Every year, families spend the holidays at Children’s Hospital Boston, and every year Children’s works hard to bring a little bit of home to the hospital so the holidays can feel as normal as possible. This year has been no exception, with trick or treating on Halloween, home-cooked meals on Thanksgiving and celebrations of Hanukkah, Christmas and Dawali (more on those celebrations tomorrow on Thrive). Yesterday, our patients even had a chance to chat virtually with Santa Claus thanks to a great annual program by the Cisco Systems. Check out the media coverage of the event, with stories by Reuters, Boston’s WHDH TV station and the IDG News Service. Also check out more pictures from the event in this photo gallery.
Every year, thousands of children and their families spend holidays at Children’s Hospital Boston, separated from family and friends, and not able to take part in the activities and traditions they look forward to all year long. Over the next few months, we’re going to share the stories of a few of these families and highlight the things Children’s does to make holidays away from home as enjoyable as possible for our families.
Today we start with Halloween, the holiday many kids miss the most when they’re stuck in the hospital. “Our patients always remember the year they had to miss trick or treating because they were here,” says Beth Donegan-Driscoll, director of Child Life Services. “So we try to bring as much Halloween spirit to the hospital as we can.”
As you’ll see in the video above, shot at different events throughout the hospital, the Halloween spirit was alive and well this week.
Have you had to spend a holiday at a hospital? Tell us your story in the comments section below.
Cardiac surgeon Francis Fynn-Thompson, MD, has had a busy year. First, he and his patient Sara Dumas were featured on the ABC program Boston Med when he transplanted a new heart into Sara. Now, he’s back in his home country of Ghana, where he’s leading a team of doctors, nurses and volunteers in an ongoing mission to perform much-needed open-heart surgery on children with complex heart conditions in a country with no pediatric cardiac surgeons.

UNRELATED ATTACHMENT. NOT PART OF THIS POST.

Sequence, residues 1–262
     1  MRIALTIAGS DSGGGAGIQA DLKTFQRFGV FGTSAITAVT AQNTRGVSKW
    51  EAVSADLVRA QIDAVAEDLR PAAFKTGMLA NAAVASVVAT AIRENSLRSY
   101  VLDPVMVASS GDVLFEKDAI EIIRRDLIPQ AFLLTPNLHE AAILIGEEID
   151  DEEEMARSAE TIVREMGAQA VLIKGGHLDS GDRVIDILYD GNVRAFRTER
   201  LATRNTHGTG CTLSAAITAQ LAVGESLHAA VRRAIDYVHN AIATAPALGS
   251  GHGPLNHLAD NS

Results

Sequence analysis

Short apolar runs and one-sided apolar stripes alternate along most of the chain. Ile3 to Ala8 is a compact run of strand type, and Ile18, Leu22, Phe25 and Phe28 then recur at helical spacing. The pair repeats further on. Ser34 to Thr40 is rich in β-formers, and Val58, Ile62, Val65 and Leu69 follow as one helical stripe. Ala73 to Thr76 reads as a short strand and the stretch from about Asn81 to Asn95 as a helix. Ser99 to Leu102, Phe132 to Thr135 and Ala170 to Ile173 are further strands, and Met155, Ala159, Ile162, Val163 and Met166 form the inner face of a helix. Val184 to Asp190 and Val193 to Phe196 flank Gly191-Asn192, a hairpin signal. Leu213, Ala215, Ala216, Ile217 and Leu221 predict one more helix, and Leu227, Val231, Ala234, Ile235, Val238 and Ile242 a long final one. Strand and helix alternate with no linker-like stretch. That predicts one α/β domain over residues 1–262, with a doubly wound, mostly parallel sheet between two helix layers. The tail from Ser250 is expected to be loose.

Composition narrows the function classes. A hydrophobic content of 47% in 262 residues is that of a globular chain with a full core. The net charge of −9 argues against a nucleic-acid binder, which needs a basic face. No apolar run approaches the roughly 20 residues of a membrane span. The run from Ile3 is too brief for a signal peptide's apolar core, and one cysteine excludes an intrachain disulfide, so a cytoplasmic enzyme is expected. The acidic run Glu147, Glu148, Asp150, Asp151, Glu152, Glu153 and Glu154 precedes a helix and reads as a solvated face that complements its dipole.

Follow the efforts of the team as they blog from the Komfo Anokye Teaching Hospital in Kumasi, Ghana. They’ve already gone through the grueling decision day (where the doctors and nurses decide which children are good candidates for surgery and which are not) and have operated on the first group of patients. Now begin full days of surgery, recovery and evaluation on kids whose lives will be changed forever by the Children’s team.
Dr. Fynn-Thompson and his mission to Ghana were featured on Good Morning America in 2008. Read the story and watch the piece by Dr. Tim Johnson here.
And, here, watch a video, created in the spring of 2008, in which Dr. Fynn-Thompson describes the mission.
I don’t know about you, but sometimes the public push to get people to live healthier lives can feel a bit finger-pointy and heavy-handed. Don’t get me wrong: I’m all for doing what it takes to get kids—and their parents—to eat more healthfully, get more exercise and spend a bit less time in front of the TV, but must the messaging always be so serious? …